Culture & TraditionNepal

On the Nepali Flag

On August 23, 2014, almost 40,000 people congregated at the Tundikhel ground in Kathmandu to participate in a unique event. They were there at the call of an organization that hoped to create a new world record of sorts—making the largest national flag. Around 30,000 people in nearby Lahore, Pakistan had done so in March of the same year, and had set a new world record. Well, Nepal succeeded in bettering Pakistan by a substantial margin, and it was something to be proud of. But then, barely four months later, about 45,000 Indians made an even bigger national flag in Chennai. South Asians certainly seem to have a knack for this sort of thing!

Leaving these events aside, let’s talk a bit about the Nepali national flag, which really is already one-of-a-kind in its own right. It’s the only triangular-shaped flag in the world (two-triangles, actually, or perhaps non-quadrilateral would be a better description). As any vexillogist will tell you, the Nepali flag is extra special. Dr. James Grime, faculty of the Department of Applied Mathematics and Theoretical Physics at Cambridge, has noted that the Nepali flag is the most mathematical of all the flags of the world.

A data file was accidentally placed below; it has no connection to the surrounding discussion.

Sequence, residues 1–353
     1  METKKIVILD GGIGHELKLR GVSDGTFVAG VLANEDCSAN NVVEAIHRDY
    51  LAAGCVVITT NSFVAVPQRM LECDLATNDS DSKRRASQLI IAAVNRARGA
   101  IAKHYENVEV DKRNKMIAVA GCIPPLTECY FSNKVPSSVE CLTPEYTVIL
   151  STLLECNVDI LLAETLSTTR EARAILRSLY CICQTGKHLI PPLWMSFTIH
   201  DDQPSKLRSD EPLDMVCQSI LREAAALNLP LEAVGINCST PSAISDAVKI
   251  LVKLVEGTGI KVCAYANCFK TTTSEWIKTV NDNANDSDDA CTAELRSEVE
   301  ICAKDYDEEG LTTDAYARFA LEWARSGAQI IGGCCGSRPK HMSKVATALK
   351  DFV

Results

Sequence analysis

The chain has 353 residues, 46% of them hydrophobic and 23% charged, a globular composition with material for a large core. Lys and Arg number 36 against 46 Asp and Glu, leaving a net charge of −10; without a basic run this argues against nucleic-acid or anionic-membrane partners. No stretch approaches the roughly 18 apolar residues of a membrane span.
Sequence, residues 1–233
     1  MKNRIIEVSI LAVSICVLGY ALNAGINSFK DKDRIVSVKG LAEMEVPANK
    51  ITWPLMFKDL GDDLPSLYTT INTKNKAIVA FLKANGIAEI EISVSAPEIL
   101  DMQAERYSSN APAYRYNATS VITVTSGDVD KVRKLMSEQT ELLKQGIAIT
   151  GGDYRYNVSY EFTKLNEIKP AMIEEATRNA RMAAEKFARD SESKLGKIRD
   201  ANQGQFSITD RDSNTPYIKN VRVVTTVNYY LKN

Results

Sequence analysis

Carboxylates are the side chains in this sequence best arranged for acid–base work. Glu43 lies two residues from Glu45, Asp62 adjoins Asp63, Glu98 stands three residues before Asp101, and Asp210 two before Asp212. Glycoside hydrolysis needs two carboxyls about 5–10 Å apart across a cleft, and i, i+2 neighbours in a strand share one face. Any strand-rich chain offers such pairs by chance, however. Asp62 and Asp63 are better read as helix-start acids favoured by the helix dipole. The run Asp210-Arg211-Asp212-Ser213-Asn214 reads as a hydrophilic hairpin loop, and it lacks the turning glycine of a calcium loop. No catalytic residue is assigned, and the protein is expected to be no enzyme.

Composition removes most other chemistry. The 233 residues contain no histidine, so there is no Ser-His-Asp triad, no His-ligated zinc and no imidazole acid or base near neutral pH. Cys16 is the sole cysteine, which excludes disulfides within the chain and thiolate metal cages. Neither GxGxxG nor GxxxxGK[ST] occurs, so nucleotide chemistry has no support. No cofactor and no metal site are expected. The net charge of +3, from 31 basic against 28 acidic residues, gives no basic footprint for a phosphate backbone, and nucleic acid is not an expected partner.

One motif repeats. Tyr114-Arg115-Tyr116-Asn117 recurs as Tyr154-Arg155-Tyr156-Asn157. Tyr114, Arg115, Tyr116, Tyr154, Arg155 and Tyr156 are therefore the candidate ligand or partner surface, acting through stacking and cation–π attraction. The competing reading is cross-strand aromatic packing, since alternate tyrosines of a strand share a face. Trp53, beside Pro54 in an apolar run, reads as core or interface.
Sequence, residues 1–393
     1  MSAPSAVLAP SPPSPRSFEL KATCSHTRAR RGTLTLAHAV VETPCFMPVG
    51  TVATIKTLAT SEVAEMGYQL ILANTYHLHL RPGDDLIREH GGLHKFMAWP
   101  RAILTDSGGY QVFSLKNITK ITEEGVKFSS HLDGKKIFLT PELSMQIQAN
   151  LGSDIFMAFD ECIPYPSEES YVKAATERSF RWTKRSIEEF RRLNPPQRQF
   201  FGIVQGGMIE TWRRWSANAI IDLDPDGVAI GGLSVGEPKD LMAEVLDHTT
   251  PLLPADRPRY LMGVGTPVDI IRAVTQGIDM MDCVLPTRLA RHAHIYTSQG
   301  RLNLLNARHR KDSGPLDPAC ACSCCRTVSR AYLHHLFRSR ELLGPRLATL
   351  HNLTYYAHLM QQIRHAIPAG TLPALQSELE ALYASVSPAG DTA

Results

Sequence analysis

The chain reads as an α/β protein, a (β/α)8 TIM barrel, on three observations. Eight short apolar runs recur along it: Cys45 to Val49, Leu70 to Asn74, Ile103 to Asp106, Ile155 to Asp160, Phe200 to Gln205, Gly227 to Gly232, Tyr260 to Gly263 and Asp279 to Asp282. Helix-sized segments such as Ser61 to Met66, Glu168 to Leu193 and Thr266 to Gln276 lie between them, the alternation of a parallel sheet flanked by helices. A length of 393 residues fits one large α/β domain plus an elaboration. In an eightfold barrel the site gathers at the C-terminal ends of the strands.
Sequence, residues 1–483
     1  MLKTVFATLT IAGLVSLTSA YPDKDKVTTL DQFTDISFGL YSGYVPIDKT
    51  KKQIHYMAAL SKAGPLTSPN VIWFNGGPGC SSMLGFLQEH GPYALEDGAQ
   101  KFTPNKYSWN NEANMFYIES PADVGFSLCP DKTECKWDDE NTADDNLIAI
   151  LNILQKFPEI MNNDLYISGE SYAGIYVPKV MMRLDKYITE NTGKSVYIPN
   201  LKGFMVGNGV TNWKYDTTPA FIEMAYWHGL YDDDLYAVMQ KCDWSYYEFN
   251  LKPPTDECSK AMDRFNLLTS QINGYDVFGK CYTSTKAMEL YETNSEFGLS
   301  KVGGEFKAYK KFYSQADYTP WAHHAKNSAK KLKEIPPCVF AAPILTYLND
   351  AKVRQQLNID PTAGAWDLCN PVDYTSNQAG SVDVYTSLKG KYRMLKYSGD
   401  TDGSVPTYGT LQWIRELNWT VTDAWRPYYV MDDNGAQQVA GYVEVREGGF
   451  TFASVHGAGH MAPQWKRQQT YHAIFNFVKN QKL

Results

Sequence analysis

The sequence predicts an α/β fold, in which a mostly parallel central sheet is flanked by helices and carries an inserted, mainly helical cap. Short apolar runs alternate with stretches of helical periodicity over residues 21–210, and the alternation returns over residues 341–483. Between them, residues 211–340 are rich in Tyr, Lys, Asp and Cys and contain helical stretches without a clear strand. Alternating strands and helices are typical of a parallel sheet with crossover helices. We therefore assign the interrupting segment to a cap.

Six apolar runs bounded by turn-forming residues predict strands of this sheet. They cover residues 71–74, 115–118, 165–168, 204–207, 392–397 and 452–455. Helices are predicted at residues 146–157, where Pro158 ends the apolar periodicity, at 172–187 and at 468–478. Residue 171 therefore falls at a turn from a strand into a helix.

Most people believe that the moon on the upper triangle symbolizes the Shah ruling dynasty of Nepal, with the sun on the lower triangle representing the Rana dynasty.

Schedule 1, Article 5 of the Nepal Constitution has specific requirements for making this unique flag. The measurements have to be very, very exact with regard to the border, the outline of the two triangles and the sun and moon emblems. The two emblems, the sun and the moon, must be white, and the border blue. The flag as a whole is crimson in color. A set of very detailed instructions must be followed, regarding measurements.

Most people believe that the two pennants of the Shah and Rana dynasties are the origin of the shape of the Nepali flag, and that the moon on the upper triangle symbolizes the Shahs, with the sun on the lower triangle representing the Ranas. There are others who are of the opinion that the two emblems represent the two major religions (Hinduism and Buddhism) of the country, and yet others who think that the sun symbolizes the bravery of the Nepalis, with the moon depicting their love for peace. There is universal agreement on the meaning of the colors red and blue, with red representing bravery and victory and blue representing peace. Initially, the two emblems were depicted as faces, and it was only on December 16, 1962, that the Nepali flag as it is today, was officially adopted by the government.

Photo credit: Malmaison Hotels / Flickr
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